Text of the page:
To require the Secretary of Homeland Security to gain and maintain operational control of the international borders of the United States, and for other purposes.
The bill’s titles are written by its sponsor.
Jan 16, 2015
114th Congress, 2015–2017
Died in a previous Congress
This bill was introduced on January 21, 2015, in a previous session of Congress, but was not enacted.
Representative for Texas's 10th congressional district
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Last Updated: Jan 27, 2015
Length: 84 pages
Jan 16, 2015
Bills and resolutions are referred to committees which debate the bill before possibly sending it on to the whole chamber.
Jan 21, 2015
A committee has voted to issue a report to the full chamber recommending that the bill be considered further. Only about 1 in 4 bills are reported out of committee.
Jan 26, 2015
Considered by House Committee on Rules
A committee held a hearing or business meeting about the bill.
Jan 27, 2015
Reported by House Committee on Homeland Security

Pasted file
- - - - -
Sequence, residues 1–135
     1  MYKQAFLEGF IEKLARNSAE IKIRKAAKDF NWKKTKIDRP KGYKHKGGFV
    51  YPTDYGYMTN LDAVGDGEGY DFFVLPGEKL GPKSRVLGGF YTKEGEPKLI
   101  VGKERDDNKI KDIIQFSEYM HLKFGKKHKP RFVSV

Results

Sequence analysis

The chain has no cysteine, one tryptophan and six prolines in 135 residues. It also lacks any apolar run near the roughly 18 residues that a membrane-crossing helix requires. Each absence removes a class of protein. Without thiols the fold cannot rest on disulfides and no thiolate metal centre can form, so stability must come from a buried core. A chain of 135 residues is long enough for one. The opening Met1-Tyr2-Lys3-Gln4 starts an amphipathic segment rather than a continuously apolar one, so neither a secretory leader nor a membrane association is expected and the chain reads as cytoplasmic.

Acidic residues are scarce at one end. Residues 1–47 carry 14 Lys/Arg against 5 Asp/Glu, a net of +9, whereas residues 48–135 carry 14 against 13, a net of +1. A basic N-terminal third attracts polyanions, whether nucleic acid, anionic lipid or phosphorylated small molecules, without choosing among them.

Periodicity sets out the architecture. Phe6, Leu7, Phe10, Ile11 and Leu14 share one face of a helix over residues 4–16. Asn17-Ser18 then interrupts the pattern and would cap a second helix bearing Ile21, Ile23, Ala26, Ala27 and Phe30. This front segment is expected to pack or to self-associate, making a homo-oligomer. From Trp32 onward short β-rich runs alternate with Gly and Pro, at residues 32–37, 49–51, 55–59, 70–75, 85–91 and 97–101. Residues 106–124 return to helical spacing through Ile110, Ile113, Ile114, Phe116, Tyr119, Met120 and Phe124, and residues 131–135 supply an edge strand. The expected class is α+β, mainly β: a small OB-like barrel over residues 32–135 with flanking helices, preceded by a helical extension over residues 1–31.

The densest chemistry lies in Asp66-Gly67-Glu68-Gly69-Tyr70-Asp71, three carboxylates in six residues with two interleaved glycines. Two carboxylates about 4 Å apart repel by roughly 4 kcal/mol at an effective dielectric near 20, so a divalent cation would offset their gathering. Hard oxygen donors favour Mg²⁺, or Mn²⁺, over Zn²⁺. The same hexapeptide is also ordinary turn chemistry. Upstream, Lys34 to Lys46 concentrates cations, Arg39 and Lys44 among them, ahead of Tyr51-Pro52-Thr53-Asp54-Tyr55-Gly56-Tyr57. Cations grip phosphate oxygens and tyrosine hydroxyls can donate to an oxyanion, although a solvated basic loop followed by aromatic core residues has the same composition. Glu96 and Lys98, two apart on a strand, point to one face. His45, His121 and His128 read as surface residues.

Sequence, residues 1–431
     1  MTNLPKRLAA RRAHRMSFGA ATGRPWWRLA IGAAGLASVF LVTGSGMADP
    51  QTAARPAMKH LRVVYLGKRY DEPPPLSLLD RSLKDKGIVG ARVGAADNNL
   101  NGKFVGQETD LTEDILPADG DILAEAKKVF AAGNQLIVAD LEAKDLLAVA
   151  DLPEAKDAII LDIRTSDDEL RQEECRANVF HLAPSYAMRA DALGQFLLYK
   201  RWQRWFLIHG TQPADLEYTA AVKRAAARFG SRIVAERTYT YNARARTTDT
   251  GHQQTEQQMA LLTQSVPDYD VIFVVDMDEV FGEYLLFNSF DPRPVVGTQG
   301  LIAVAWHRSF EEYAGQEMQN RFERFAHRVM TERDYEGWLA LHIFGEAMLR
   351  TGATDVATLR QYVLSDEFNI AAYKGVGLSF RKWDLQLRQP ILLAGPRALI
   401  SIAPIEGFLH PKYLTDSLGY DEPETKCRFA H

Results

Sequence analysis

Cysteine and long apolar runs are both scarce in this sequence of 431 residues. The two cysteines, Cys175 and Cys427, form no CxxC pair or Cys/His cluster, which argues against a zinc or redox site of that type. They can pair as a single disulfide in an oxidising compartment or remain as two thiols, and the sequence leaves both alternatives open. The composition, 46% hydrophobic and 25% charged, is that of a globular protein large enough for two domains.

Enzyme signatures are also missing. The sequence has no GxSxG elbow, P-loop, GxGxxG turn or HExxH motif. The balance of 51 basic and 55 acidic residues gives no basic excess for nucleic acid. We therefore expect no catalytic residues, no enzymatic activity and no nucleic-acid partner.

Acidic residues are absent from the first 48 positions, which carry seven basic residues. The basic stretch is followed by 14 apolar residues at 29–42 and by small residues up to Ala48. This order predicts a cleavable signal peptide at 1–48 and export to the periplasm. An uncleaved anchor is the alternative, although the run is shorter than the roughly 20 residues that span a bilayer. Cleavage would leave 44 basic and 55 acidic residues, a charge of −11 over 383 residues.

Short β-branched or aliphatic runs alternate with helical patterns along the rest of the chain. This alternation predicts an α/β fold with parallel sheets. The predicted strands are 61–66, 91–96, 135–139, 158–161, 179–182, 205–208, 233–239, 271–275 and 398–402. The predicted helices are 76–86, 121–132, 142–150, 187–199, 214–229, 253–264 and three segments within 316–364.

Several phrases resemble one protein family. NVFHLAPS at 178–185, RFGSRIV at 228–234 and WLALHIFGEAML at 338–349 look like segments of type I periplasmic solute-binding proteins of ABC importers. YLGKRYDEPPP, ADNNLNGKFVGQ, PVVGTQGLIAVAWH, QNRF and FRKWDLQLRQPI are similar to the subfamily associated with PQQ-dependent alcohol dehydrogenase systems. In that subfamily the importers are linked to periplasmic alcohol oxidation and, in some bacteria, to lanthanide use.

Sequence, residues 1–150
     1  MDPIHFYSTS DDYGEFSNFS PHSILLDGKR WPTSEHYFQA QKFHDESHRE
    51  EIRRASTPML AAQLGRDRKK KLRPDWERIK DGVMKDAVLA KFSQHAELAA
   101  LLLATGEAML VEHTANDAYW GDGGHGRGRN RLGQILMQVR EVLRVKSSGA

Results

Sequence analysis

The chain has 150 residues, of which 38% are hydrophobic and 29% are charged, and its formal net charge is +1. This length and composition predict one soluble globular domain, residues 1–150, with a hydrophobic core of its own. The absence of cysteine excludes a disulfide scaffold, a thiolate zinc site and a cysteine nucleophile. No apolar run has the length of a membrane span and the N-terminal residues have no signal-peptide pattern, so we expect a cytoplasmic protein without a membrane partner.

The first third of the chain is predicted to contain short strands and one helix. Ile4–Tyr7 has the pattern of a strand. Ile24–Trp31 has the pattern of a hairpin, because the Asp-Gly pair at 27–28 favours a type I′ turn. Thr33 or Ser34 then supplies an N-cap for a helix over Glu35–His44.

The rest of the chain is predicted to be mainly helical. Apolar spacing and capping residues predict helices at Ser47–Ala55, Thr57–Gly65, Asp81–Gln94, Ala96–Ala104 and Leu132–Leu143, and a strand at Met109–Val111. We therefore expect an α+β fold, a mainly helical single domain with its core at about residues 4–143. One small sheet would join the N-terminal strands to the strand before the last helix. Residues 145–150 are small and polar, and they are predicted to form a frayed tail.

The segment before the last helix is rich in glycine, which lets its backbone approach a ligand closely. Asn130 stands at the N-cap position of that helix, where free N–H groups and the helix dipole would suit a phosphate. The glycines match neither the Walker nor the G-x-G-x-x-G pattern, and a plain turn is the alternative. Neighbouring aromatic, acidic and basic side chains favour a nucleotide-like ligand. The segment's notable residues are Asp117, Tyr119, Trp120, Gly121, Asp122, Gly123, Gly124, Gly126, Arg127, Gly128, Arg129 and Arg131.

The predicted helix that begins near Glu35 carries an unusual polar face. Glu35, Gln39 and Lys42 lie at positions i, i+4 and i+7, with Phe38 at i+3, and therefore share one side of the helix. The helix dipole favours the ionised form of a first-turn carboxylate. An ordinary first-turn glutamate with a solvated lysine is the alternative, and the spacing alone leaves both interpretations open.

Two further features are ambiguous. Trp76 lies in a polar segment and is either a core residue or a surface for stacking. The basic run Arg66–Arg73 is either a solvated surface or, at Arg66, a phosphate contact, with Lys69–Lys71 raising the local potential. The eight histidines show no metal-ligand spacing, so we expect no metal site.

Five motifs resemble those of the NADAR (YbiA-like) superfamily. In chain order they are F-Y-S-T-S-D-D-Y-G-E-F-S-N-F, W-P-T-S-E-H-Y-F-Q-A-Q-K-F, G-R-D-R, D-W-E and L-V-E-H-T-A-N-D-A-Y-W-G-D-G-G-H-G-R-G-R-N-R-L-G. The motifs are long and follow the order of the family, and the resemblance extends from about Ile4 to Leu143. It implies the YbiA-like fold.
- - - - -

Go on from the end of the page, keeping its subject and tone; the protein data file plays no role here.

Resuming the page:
A committee issued a report on the bill, which often provides helpful explanatory background on the issue addressed by the bill and the bill's intentions.
H.R. 399 (114th) was a bill in the United States Congress.
A bill must be passed by both the House and Senate in identical form and then be signed by the President to become law.
This bill was introduced in the 114th Congress, which met from Jan 6, 2015 to Jan 3, 2017. Legislation not enacted by the end of a Congress is cleared from the books.
How to cite this information.
We recommend the following MLA-formatted citation when using the information you see here in academic work:
Civic Impulse. (2017). H.R. 399 — 114th Congress: Secure Our Borders First Act of 2015. Retrieved from https://www.govtrack.us/congress/bills/114/hr399
“H.R. 399 — 114th Congress: Secure Our Borders First Act of 2015.” www.GovTrack.us. 2015. October 19, 2017 <https://www.govtrack.us/congress/bills/114/hr399>
|title=H.R. 399 (114th)
|accessdate=October 19, 2017
|author=114th Congress (2015)
|date=January 16, 2015
|quote=Secure Our Borders First Act of 2015
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GovTrack automatically collects legislative information from a variety of governmental and non-governmental sources. This page is sourced primarily from Congress.gov, the official portal of the United States Congress. Congress.gov is generally updated one day after events occur, and so legislative activity shown here may be one day behind. Data via the congress project.